Dyadic Designs in Lifespan Developmental Methodology
- Jeremy B. Yorgason, Jeremy B. YorgasonSchool of Family Life, Brigham Young University
- Melanie S. HillMelanie S. HillSchool of Family Life, Brigham Young University
- and Mallory MillettMallory MillettSchool of Family Life, Brigham Young University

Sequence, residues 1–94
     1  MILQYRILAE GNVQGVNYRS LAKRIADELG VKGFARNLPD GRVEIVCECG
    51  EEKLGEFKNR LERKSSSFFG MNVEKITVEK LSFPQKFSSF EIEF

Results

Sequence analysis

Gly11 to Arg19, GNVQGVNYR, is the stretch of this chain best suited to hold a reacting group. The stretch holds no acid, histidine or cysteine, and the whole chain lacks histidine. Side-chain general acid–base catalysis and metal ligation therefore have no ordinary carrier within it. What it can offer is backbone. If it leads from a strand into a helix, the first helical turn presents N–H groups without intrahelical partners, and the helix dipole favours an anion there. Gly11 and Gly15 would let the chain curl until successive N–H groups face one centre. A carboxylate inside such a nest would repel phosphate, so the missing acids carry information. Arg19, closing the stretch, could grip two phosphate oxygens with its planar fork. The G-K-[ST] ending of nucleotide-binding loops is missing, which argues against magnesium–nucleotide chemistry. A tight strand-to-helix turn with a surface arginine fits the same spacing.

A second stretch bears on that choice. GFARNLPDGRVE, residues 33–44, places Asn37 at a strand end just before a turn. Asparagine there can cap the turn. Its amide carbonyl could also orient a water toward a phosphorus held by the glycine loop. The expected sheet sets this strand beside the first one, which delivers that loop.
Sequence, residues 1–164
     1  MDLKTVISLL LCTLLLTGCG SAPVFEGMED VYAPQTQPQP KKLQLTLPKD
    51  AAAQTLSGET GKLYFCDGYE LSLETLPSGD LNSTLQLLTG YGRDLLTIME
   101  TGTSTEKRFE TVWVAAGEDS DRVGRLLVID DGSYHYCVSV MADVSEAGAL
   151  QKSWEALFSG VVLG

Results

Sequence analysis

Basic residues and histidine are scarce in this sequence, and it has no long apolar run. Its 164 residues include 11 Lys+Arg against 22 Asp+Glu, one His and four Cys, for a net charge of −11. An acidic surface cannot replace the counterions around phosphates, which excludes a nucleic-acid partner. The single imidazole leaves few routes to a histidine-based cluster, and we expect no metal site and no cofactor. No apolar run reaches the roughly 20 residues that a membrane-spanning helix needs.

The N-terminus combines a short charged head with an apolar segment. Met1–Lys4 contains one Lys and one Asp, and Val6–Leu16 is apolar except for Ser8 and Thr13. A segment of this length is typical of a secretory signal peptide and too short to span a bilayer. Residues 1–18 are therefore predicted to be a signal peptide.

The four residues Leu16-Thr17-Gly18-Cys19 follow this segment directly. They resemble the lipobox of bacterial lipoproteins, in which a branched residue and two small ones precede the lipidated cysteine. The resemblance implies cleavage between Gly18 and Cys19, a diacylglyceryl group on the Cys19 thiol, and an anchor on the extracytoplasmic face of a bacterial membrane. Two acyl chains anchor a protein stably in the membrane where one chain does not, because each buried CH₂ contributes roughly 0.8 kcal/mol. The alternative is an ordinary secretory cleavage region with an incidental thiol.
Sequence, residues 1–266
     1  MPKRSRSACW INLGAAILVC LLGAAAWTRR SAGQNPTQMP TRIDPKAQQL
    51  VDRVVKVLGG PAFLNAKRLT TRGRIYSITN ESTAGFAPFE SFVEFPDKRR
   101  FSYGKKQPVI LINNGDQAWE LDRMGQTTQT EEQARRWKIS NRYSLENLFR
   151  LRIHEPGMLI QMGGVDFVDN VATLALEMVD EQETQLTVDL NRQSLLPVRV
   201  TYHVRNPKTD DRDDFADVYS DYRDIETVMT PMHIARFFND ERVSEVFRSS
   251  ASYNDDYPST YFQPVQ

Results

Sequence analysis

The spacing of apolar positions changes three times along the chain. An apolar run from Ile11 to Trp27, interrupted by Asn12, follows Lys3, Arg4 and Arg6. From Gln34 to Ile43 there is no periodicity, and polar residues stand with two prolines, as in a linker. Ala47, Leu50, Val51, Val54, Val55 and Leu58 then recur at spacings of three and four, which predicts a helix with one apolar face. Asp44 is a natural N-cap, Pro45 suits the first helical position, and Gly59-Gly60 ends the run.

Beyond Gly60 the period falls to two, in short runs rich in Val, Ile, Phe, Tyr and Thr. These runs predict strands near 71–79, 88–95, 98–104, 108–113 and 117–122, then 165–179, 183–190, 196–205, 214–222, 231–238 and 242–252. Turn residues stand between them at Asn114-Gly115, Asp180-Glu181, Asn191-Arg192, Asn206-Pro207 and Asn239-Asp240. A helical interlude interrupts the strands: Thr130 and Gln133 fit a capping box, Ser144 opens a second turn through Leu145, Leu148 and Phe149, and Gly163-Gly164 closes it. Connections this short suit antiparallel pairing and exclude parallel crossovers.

The study of development across the lifespan has traditionally focused on the individual. However, dyadic designs within lifespan developmental methodology allow researchers to better understand individuals in a larger context that includes various familial relationships (husbands and wives, parents and children, and caregivers and patients). Dyadic designs involve data that are not independent, and thus outcome measures from dyad members need to be modeled as correlated. Typically, non-independent outcomes are appropriately modeled using multilevel or structural equation modeling approaches. Many dyadic researchers use the actor-partner interdependence model as a basic analysis framework, while new and exciting approaches are coming forth in the literature. Dyadic designs can be extended and applied in various ways, including with intensive longitudinal data (e.g., daily diaries), grid sequence analysis, repeated measures actor/partner interdependence models, and vector field diagrams. As researchers continue to use and expand upon dyadic designs, new methods for addressing dyadic research questions will be developed.